District 4: Maxwell
Mail Tribune editorials
Effectiveness is the key in this race, and Shayne Maxwell has proved hers
The candidates in Oregon House District 4 are from different parties, but they aren't far apart on most issues. So the question is which one would be the most effective representative for the district.
Our money is on Shayne Maxwell.
A Democrat who takes pains to point out that she is anything but a flaming liberal, Maxwell made a name for herself by virtually singlehandedly engineering a campaign to establish a long-distance calling area that would encompass the entire Rogue Valley.
When Republican Dennis Richardson defeated incumbent Rep. Cherryl Walker in the May primary after a distressingly nasty campaign, Democrats approached Maxwell about running in the general election. There was no Democrat on the primary ballot.
Richardson, a Central Point attorney, is treasurer of the state Republican Party and an ally of Perry Atkinson, the religious broadcaster and state GOP chairman. Richardson and Atkinson represent the conservative wing of the GOP ' the faction that was, in our opinion, more a part of the problem in Salem this summer than of the solution.
Maxwell, as a conservative Democrat, says she can work effectively with moderates in both parties toward a solution to the budget and taxation issues facing the state. We have no reason to doubt her.
Maxwell says she supported Walker's re-election, and would not be running if a moderate Republican were on the ballot. Even Richardson calls Maxwell as conservative a Democrat as I have met.
Richardson is one of the more conservative Republicans we have met, which gives us pause.
We also were not thrilled with his tactics in the primary, when he accused Walker in a campaign mailing of disguising herself in order to videotape his campaign appearances.
So far, those tactics haven't surfaced in this campaign, but Richardson ran an advertisement in the Rogue River and Central Point weekly newspapers calling himself your representative for lower long distance rates.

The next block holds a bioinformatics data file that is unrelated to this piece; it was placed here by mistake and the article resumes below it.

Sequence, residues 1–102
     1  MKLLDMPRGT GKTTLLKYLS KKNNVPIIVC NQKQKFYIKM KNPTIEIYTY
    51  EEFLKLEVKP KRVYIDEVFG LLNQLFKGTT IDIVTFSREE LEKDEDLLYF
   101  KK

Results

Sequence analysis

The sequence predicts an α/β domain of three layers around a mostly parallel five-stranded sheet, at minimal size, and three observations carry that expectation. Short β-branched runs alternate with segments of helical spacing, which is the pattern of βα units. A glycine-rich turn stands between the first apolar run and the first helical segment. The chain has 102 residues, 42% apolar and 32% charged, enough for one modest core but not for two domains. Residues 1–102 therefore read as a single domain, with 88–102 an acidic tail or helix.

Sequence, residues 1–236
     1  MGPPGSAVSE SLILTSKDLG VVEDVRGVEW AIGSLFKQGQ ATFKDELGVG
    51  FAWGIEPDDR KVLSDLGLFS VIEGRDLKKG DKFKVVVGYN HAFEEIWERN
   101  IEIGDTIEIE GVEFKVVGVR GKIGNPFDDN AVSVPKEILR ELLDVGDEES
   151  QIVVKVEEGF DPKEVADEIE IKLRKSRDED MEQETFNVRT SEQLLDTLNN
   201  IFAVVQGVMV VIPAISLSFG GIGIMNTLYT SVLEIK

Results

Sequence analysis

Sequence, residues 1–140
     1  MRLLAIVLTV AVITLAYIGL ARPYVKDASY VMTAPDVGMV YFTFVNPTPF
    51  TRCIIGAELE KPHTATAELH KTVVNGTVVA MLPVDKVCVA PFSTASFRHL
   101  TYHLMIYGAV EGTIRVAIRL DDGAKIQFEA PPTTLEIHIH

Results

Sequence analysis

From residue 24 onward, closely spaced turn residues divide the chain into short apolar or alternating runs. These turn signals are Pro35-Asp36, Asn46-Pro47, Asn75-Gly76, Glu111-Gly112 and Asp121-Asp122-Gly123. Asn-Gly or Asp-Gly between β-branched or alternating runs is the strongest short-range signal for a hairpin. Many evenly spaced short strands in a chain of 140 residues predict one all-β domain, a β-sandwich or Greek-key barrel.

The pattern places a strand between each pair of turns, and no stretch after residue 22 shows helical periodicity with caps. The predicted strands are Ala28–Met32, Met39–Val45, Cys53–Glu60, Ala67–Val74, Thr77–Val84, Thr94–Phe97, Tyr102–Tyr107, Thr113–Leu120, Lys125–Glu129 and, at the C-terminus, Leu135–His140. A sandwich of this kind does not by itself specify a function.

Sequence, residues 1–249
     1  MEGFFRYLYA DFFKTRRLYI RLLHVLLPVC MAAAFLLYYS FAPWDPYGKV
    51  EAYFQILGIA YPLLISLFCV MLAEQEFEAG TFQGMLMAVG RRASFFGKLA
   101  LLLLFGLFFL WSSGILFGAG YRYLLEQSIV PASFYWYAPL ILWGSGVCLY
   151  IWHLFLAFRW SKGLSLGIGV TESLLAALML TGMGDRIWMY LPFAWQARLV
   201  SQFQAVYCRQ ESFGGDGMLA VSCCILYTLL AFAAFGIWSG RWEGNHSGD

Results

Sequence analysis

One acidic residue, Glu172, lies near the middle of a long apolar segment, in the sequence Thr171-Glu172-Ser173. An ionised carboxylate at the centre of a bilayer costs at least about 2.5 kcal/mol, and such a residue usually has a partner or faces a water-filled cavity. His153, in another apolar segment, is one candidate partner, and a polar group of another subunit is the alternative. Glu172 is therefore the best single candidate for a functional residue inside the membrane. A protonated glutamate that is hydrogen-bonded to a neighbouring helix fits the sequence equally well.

He did take the position of Central Point's representative on the Extended Area Service committee ' after Maxwell had done all the legwork. The line in his ad wasn't false ' it just didn't give the whole story.
This newspaper endorsed Cherryl Walker in the primary as an effective representative for the district. We think Maxwell is a worthy successor.
We urge a vote for Shayne Maxwell for state representative from District 4.
INS visit welcome
The Immigration and Naturalization Service visited Jackson County this week, but not with the intent of hassling immigrants who do the agricultural work that no one else will do.
INS officers set up a booth at Rogue Family Center in White City to answer questions and dispense information about benefits, assist with applications and offer advice about citizenship, family- and employment-related immigration and foreign student authorization. Residents also may order replacement documents, which heretofore required a trip to Portland.
The officers who staff the information booth aren't interested in reporting or deporting illegal aliens. They're here to help.
That's is a far cry from several decades ago when most INS activity in Southern Oregon was forays into local orchards by the Border Patrol, the enforcement arm of the INS. The main goal was to take illegal aliens into custody and deport them.
It's good to see this new spirit of cooperation. The INS says that if there is enough local interest, a permanent office will be opened in the Rogue Valley.
Jackson County's Hispanic population now exceeds 12,000, about 6.5 percent of the total population. Hispanic children make up 11 percent of the county school population. So opening a satellite office makes a lot of sense.